Whedon’s biggest success has been in big screen superheroics as director of the big-screen adaptation of Marvel Comics’ The Avengers (2012), its sequel Avengers: Age of Ultron (2015), as well as as creator of the tv series Agents of S.H.I.E.L.D. (2013– ) and uncredited directing duties on Justice League (2017). He has also directed a modernised film version of Shakespeare’s Much Ado About Nothing (2013).
One of Joss Whedon’s less successful television ventures was Firefly (2002-3). Firefly was a well worthwhile attempt to create a space opera tv series. Here Joss Whedon set out to defy the stereotypes of the various Star Trek series and created a complex backdrop of an intergalactic future with bandits and smugglers operating on lawless frontier worlds. What made Firefly work was an excellent ensemble cast – one of the best one has seen in a science-fiction tv series – with each character having complex shadings and each actor doing an exemplary job in bringing them to life. Whedon and his team wrote with a wry sense of humour and Firefly flew rather well.
Alas, the series ran up against an indifferent network (20th Century Fox) who scheduled it in ways that seemed designed to kill it off, including screening the pilot episode that introduces the characters after the second episode. Firefly only lasted twelve episodes – not even a full season – before being cancelled. It has however gone onto a much loved fan afterlife, including a letter-writing campaign that eventually led to this theatrical spinoff.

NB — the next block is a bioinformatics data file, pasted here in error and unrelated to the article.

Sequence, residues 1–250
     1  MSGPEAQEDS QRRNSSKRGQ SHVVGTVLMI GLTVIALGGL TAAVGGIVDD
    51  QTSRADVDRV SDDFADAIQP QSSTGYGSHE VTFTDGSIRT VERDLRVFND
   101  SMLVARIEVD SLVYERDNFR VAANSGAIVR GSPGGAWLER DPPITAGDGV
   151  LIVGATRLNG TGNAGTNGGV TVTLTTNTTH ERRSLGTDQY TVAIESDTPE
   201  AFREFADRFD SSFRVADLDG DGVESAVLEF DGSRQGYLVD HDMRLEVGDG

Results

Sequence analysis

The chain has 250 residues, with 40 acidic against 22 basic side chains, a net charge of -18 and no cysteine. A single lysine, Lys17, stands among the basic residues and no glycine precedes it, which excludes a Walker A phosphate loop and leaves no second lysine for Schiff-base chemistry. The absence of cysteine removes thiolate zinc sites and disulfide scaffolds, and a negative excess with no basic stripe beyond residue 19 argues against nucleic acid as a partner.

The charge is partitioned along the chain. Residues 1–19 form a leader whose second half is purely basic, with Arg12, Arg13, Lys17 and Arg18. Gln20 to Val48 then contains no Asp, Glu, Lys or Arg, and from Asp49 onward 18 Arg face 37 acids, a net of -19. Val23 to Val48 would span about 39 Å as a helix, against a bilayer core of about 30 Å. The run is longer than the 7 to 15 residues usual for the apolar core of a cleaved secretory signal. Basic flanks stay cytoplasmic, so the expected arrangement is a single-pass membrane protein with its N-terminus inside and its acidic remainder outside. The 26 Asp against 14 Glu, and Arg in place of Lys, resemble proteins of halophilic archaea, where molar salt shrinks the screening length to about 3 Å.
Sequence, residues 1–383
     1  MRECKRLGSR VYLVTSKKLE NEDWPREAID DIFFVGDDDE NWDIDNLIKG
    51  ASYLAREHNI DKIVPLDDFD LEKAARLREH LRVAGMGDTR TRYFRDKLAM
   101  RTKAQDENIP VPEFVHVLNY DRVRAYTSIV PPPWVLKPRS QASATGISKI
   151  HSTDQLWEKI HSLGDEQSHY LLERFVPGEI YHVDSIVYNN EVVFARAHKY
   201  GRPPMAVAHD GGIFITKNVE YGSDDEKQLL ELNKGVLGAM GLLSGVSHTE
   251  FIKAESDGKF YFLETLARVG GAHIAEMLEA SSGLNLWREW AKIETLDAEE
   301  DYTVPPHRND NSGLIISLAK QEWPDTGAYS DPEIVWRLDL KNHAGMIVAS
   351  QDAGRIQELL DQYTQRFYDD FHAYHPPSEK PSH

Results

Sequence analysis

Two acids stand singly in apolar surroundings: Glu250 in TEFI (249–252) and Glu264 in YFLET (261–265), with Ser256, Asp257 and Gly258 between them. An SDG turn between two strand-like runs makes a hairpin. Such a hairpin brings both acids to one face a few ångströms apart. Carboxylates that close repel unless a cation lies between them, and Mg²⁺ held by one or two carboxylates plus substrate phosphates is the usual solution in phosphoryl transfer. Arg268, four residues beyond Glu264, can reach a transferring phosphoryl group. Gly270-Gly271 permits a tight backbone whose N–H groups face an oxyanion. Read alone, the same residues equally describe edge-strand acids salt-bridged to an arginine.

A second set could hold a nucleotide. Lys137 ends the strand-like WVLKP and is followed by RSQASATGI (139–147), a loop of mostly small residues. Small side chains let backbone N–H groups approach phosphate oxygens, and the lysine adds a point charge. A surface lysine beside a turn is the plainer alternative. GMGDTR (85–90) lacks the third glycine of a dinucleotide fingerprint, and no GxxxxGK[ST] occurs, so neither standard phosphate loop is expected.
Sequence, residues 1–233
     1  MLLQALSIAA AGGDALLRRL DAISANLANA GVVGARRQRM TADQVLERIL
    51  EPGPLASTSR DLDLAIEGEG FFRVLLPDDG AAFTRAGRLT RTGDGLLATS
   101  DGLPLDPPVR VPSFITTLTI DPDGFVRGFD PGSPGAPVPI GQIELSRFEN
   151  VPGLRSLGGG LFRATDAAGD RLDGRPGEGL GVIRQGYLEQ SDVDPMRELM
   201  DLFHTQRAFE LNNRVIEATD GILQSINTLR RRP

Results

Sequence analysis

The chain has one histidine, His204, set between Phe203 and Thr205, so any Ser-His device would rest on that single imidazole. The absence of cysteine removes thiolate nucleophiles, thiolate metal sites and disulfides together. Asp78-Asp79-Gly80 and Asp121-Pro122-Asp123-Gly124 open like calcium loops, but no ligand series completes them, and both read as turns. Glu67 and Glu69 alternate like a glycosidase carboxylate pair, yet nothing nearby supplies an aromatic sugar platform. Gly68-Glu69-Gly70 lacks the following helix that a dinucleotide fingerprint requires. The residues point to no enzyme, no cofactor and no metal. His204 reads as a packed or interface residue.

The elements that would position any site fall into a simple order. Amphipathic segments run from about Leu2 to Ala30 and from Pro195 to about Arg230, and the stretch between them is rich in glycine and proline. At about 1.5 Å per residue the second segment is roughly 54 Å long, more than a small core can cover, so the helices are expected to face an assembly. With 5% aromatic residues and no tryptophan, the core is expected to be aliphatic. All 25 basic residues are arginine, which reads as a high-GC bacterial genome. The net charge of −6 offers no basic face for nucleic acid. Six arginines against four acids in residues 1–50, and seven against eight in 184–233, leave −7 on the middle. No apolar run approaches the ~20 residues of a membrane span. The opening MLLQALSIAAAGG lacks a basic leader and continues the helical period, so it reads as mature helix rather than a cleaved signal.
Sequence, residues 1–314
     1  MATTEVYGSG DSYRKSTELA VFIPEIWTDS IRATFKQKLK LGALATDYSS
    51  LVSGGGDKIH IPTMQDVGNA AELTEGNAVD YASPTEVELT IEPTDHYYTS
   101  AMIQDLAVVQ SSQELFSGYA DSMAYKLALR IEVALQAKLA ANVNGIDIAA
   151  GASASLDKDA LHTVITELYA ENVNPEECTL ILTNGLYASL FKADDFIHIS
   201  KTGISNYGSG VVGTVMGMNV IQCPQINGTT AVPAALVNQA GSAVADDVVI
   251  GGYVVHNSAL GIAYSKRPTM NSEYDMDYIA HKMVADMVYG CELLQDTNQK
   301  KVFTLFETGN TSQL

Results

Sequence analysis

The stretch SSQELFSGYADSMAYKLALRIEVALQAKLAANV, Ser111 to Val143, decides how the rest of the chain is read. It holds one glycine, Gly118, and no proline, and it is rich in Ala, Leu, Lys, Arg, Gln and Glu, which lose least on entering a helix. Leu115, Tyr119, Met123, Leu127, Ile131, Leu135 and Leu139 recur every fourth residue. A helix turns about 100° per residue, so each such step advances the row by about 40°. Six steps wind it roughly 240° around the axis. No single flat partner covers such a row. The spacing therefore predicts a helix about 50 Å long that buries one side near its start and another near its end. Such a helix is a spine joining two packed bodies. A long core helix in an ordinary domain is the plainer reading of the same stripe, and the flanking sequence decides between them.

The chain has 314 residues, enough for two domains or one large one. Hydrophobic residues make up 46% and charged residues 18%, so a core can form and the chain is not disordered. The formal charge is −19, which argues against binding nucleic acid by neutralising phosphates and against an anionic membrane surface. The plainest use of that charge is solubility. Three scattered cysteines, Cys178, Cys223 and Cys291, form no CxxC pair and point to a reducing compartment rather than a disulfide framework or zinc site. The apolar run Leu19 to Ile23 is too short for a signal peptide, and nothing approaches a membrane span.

Like other shows tv series that have spun off onto the big screen with their original cast (as opposed to being remade on the big screen) such as Star Trek – The Motion Picture (1979), Star Trek: Generations (1994) and The X Files (1998), Firefly seems a little awkward in trying to adjust to its new medium. (It is certainly unusual to see a tv series that was so brief and did not even make it to a full season being given cinematic treatment). Serenity has the same problem that other series like Star Trek did when they emerged on the big screen – the weekly episode format allowed an ensemble cast full strength but a feature-length film spins these appeals out more thinly. The Star Trek films always seemed caught between giving each character a set-piece versus getting on and telling a story. Joss Whedon chooses the latter here and as a result the characters from the series end up lacking somewhat.
Nathan Fillion is an actor who has acting talent, natural charisma and handsome looks, and should be filling A-list leading man roles. Fillion naturally steps into the leading role here with the charm he brought to the series and Joss Whedon writes a number of tough moral complexities around him. Some of the others from the original series don’t get that opportunity. Gina Torres is an actress with equally as much potential as Nathan Fillion but does not get much of a chance to shine.